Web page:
Wild horses couldn’t drag her away

Artist shows the spirit of Sable Island horses

Coombs’ artist Joan Larson is having an art exhibition and sale featuring The Wild Horses of Sable Island at the Creekside Studio this  weekend.

Coombs’ artist Joan Larson is having an art exhibition and sale featuring The Wild Horses of Sable Island at the Creekside Studio this weekend.

After a profound visit two years ago to a secluded, East Coast Island, Coombs artist Joan Larson has finished her Wild Horses of Sable Island series, enabling residents to discover this hidden Canadian gem for themselves.

Larson had known about the ethereal sand bar island since she was a child; heard the romantic stories of the wild horses, the sandy plains and beaches and spectacular sunsets, but never thought it would be possible to visit herself.

Access to the island has to be granted by Canadian Coast Guard and visitors have to make their own transportation arrangements to and from the island, as well as bring all their own supplies.

Larson was invited by a childhood horse riding acquaintance, and was thrilled by the invitation.

“It was just like, ‘Oh my God are you kidding?’ when she asked if wanted to go,” Larson said. 

“To go and hang out with a bunch of wild horses?” she added.

So she headed off with two photographers and an Alberta professor and wild horse researcher. The island, located 300 kilometres southeast of mainland Nova Scotia, is the windiest place in Nova Scotia with the least sunshine and most fog. That’s why it wasn’t surprising to Larson when she and her group were grounded by offshore fog, delaying their week-long trip for five days. In the end the weather also delayed them getting back to the mainland, giving them four full days on the island.

Before the wheels even hit the landing strip (which was the beach) Larson saw wild horses coming out of the dunes. The population of horses on the island swelled to about 400 when she was visiting and she said it wasn’t hard to find them on the 42 km long island.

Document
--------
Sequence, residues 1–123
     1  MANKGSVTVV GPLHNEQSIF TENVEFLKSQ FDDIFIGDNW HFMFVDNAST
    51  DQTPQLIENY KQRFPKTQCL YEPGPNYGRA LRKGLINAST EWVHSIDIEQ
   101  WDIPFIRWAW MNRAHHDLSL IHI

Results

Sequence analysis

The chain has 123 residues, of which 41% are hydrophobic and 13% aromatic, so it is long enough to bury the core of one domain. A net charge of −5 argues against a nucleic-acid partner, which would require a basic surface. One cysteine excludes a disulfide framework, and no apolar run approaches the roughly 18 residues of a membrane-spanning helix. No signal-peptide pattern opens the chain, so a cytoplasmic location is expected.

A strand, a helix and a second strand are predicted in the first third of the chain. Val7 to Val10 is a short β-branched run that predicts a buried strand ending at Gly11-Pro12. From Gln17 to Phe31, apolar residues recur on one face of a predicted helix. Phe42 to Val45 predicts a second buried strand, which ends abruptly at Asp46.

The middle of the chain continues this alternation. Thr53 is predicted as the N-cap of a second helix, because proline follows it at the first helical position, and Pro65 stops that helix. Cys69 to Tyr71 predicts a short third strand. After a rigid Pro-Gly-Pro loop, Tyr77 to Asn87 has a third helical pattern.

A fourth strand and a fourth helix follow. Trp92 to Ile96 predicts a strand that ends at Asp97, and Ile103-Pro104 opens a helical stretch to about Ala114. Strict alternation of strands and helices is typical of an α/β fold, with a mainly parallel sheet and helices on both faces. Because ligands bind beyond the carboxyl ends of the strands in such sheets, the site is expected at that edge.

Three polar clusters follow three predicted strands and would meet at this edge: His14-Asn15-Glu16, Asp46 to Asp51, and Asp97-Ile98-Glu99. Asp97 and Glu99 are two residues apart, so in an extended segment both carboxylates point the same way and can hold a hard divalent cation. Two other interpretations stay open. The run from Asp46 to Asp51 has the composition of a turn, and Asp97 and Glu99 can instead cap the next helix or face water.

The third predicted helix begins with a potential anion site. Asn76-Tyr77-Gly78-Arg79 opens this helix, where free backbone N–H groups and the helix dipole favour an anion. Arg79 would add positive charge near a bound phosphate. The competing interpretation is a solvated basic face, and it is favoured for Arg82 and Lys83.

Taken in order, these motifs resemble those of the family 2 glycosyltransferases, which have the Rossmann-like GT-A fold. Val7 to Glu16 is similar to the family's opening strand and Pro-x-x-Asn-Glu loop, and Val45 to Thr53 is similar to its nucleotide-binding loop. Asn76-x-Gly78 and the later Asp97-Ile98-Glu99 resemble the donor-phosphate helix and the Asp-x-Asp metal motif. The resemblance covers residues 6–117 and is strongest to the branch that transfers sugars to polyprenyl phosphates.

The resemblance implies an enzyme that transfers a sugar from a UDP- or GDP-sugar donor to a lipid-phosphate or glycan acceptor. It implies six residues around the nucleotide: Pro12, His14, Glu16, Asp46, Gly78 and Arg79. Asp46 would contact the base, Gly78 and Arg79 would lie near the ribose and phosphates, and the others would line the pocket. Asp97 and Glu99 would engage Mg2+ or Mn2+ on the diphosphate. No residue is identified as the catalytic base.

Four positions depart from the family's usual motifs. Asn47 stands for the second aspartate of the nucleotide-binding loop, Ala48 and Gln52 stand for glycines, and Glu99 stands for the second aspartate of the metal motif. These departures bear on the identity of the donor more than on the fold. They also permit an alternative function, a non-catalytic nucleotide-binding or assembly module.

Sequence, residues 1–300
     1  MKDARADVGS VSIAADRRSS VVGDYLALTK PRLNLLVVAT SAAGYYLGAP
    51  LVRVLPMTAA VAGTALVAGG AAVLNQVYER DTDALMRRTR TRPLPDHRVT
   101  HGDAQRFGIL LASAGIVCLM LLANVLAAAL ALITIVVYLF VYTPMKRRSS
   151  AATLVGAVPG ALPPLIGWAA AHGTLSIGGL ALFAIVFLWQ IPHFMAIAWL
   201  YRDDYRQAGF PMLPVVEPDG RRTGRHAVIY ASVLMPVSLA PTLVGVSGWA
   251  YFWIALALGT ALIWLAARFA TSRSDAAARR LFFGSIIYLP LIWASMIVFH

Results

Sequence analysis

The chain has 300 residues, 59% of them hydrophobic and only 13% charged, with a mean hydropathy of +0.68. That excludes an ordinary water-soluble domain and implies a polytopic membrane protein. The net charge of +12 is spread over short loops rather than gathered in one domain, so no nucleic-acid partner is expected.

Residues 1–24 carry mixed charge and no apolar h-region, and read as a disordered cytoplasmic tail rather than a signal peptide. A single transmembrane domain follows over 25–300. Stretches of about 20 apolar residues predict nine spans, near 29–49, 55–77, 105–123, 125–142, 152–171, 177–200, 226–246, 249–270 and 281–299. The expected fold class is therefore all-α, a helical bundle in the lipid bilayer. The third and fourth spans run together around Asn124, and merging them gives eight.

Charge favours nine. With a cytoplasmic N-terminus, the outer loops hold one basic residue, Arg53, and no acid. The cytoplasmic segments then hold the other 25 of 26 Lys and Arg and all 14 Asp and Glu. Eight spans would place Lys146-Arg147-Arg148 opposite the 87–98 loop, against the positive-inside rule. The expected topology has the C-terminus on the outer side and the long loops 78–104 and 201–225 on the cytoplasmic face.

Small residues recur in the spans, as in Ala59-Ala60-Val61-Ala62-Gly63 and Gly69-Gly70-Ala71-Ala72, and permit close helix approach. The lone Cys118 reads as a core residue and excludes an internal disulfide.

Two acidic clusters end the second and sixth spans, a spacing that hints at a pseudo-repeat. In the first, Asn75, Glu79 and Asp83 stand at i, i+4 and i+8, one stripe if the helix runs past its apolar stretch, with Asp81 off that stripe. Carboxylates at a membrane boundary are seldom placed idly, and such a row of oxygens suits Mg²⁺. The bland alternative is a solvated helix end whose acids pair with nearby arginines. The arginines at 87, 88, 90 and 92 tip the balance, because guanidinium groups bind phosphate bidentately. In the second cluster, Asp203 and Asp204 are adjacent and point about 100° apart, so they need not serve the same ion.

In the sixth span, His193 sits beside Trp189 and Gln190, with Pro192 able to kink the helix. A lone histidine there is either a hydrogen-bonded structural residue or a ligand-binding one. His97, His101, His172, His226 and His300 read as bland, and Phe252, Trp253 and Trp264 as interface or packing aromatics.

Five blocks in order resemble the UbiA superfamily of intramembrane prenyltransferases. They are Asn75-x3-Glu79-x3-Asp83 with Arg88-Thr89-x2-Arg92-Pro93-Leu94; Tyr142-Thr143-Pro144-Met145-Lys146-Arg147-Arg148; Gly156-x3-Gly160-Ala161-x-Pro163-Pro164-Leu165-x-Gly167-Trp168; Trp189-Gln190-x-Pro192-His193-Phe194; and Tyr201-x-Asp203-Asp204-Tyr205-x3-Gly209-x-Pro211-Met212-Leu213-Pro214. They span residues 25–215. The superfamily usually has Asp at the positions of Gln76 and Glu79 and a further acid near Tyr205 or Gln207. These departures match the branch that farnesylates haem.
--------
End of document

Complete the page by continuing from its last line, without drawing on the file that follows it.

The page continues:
Only a handful of people reside on Sable Island, but the wildlife is a different story. Besides wild horses, the island is also home to the world’s largest population of grey seals, along with harbour seals and numerous birds.

One evening that remains ingrained in Larson’s memory was the first night she spent on the island, having hiked to a beach to watch an incredible sunset on a balmy summer’s day.

“I was sitting in the sand dunes and there’s horses behind me, there’s seals up and down the beach and I just had this profound sense like the universe came down and gave me great big hug,” she said.

Larson has created 20 original paintings based on her experiences on Sable Island, revealing captivating scenes of the island’s wild horses, sand dunes and sunsets, all in pastel. She said the Island was a magical place and she wanted to capture and express this in her work. 

“To me this is about sharing a little slice of Canada that hardly anyone will get to go visit in person,” she said.

The Wild Horses of Sable Island will be featured in an art exhibition and sale at the Creekside Studio, located at 1471 Winchester Rd. in Coombs this Saturday and Sunday, June 18 and 19 from 10 a.m. to 5 p.m. For details about the artwork and show visit  www.joanlarson.com/sableisland.html or call 250-752-0395.

A “Name That Painting” contest is happening for one of the pieces, visit http://joanlarson.wordpress.com/contest/ for more information.

 

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